Saturday 1 August 2020

Tyndall 200

John Tyndall was born on 2nd August 1820 in Leighlinbridge, Co Carlow here:
If you go there tomorrow there may be a small posy of blue flowers underneath a black marble plaque identifying the place. The imposing place on the right through the gates is Garrison House, a fine B&B currently shuttered for business in this Plague Year. Tyndall was the son of an immigrant from Gloucestershire then working as a police constable for the RIC and, as a married man was living in a small cottage on the left inside the gates and not in dormitories in the Police Barracks. His dad recognised a spark of brilliance in the boy and made him walk to school up the Barrow tow-path to Ballinabranna. The Master there was John Conwill, something of a mathematical genius in a rural back-water, who fanned the spark of brilliance into a hard bright flame.

As soon as he was able, young Tyndall left home to work for the Ordnance Survey, first in Ireland (Carlow, Youghal, Kinsale), but later transferring to Preston, Lancashire. It is just possible that he worked for William Dargan, surveying railways. Although he was keen on the outdoors, surveying was not doing much for his intellectual development so he enrolled in night classes at the Mechanics Institute in Preston. At the age of 27 he took up a post teaching  school in the South of England. But his restless spirit took him to Marburg in Germany where he completed a PhD with Robert "Burner" Bunsen in a white hot 2 years. He travelled as a sort of scientific gun for hire building a huge bank of contacts and information. While on the continent, he developed a passion for mountaineering and bagged a number of "first Irish" peaks in the Alps. Expeditions in the high clear air made him reflect on radiation and he was the first person to articulate the basic principles of the greenhouse effect. He is also credited with the best early explanation for how the solid ice of glaciers travels relentlessly downhill. His curiosity about the natural world noted that the sky was blue, a fact which most of us take for boring granted; but Tyndall worked out from physical first principles why the sky is blue. He was elected to the Royal Society in 1852 in recognition of his manifold contributions - friction, light, electro-magnetism, heat, geology, sound, microbiology: eventually 147 formal scientific papers and at least three popular books Heat (1863), Sound (1867), and Light (1873). It was always important that he didn't lose the non-specialist: "In the following pages I have tried to render the science of acoustics interesting to all intelligent persons, including those who do not possess any special scientific culture. The subject is treated experimentally throughout, and I have endeavoured so to place each experiment before the reader that he should realise it as an actual operation." Tyndall was the epitomy of the self-taught Victorian polymath and knew all the others. He was a founder member of the X-club, an invitation-only monthly dinner club, which met regularly for 30 years. There two half ideas could bounce around the table to become a testable hypothesis.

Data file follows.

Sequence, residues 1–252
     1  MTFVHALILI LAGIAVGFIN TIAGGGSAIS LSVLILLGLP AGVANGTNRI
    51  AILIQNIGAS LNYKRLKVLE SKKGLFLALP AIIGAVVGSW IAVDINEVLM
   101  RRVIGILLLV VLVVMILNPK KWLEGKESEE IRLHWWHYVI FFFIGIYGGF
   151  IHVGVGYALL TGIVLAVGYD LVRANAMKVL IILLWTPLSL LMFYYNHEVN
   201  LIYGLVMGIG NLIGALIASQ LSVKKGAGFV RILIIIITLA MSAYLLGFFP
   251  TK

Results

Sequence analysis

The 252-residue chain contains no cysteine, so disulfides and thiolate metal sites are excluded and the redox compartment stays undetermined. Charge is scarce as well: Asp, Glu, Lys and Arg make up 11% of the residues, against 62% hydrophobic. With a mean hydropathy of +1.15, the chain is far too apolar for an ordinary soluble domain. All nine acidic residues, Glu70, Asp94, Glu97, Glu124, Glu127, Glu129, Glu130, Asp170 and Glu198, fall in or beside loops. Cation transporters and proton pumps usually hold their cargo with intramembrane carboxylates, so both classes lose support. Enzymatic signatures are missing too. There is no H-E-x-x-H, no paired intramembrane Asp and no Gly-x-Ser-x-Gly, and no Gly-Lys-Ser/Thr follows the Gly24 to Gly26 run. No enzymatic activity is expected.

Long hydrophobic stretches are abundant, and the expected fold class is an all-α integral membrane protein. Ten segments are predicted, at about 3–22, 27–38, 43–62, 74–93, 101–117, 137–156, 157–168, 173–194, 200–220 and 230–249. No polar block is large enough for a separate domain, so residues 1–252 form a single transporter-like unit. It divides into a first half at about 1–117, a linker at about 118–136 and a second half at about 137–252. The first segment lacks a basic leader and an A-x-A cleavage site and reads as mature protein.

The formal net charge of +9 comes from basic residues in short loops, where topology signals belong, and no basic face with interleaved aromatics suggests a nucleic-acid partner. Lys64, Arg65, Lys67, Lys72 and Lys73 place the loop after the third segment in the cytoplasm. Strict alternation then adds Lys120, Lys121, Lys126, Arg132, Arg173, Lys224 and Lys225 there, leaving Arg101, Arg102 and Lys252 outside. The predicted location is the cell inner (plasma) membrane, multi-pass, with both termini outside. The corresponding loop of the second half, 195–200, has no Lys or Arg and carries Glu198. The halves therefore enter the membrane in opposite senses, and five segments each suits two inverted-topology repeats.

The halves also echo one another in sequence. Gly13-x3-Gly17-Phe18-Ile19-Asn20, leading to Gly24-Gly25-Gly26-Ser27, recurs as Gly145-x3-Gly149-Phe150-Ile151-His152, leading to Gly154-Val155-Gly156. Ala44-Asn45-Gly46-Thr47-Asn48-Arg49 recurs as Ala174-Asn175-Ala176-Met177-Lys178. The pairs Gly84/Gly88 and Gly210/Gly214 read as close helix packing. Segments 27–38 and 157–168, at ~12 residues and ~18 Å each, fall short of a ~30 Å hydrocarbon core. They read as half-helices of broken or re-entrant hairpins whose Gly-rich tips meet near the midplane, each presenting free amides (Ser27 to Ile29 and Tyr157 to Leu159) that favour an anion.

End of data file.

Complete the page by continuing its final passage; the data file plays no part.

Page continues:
In 1853 he secured one of the very few available paid positions (Professor of Natural Philosophy, under Michael Faraday at the Royal Institution) where one could pursue science full-time. An important part of his brief was to give regular lectures / hands-on bangs&flashes exhibitions for the general public. Every alternate year from 1861 to 1884, he was invited to give The Royal Institution Christmas Lectures - a wonderful and now televised institution in its own right. He must have been good to have been brought out and dusted off each year for so long; and many people have testified to his engaging manner and clever practical ways of explaining difficult concepts. This skill is really rare among actively contributing scientists and possibly more valuable than any particular scientific discovery. I like to think that many youngsters were inspired by a dramatic Tyndall explanation of some natural phenomenon to devote their own lives to pursuit of scientific discovery. Hats off! 

I have pulled on Tyndall's coat before [Unknown has recently deposited a long informative comment under that post] and before that. Tomorrow at 1400hrs there is going to a an on-line FaceBook symposium [The Nationalist: executive summary] organised by the worthy Carlow County Museum.

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